The scanners are being tried out at Amsterdam's Schiphol airport
EU countries have been debating the use of body scanners at airports, in response to the Christmas Day attempt to blow up a US-bound jet.
The European Commission is holding talks with aviation security experts from the EU member states in Brussels.
Italy has said it will introduce the scanners for US-bound flights, alongside the Netherlands and the UK.
The 27 EU countries are free to use the scanners as long as the security checks do not contradict national or EU law.
A Nigerian man is accused of trying to blow up a flight from Schiphol on 25 December as it prepared to land in Detroit. He had not gone through a scanner.
Ahead of Thursday's meeting, Belgium's Transport Secretary Etiennne Schouppe said the measures were "excessive", adding that security requirements at European airports were already "strict enough".
Italy announced it would introduce the scanners as an experiment at airports in Milan (Malpensa), Rome (Fiumicino) and Venice.
Spain has said it will wait until the Commission has made a decision regarding the scanners, while France and Germany remain uncommitted.
Schiphol airport in Amsterdam has been trying out the scanners, which use microwaves to see through clothing.
US airport security measures have been tightened since the alleged plot
The Commission withdrew a draft EU regulation on body scanners in 2008, following objections from the European Parliament.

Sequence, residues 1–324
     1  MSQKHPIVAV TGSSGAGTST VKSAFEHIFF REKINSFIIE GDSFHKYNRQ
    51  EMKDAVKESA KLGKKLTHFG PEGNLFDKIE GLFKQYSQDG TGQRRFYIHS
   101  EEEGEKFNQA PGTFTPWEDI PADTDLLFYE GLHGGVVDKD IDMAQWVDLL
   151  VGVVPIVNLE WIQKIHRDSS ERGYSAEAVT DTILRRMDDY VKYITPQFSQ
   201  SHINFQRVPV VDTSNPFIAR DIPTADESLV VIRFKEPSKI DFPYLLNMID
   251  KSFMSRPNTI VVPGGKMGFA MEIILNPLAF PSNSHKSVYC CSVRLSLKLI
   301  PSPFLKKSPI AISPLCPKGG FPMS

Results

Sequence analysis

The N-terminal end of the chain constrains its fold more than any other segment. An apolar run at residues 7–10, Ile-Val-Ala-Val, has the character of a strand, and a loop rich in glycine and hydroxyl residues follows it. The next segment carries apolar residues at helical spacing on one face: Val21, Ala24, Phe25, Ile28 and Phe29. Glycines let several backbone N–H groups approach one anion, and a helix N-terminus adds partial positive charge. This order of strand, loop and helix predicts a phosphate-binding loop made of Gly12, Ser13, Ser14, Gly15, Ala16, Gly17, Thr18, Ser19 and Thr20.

MEPs raised concerns about passengers' privacy and health, so the Commission decided that further technical analysis was required before EU-wide rules could be adopted.
The Commission says it "remains convinced that body scanners can play a very useful role as a complementary means of screening".
Some governments argue that the scanners are a necessary tool in the fight against terrorism.
But some civil liberties campaigners say the equipment could breach child protection laws and invade people's privacy, as it produces a "near naked" image.
The US has singled out 14 countries, including Nigeria, Somalia and Yemen, for enhanced security measures for travellers.
Since November 2006 the EU has enforced a ban on carrying liquids onto planes in hand luggage. No liquids in containers bigger than 100ml are allowed.
That ban followed the exposure of an alleged terrorist plot to smuggle liquid explosives onto planes at London's Heathrow airport in August 2006.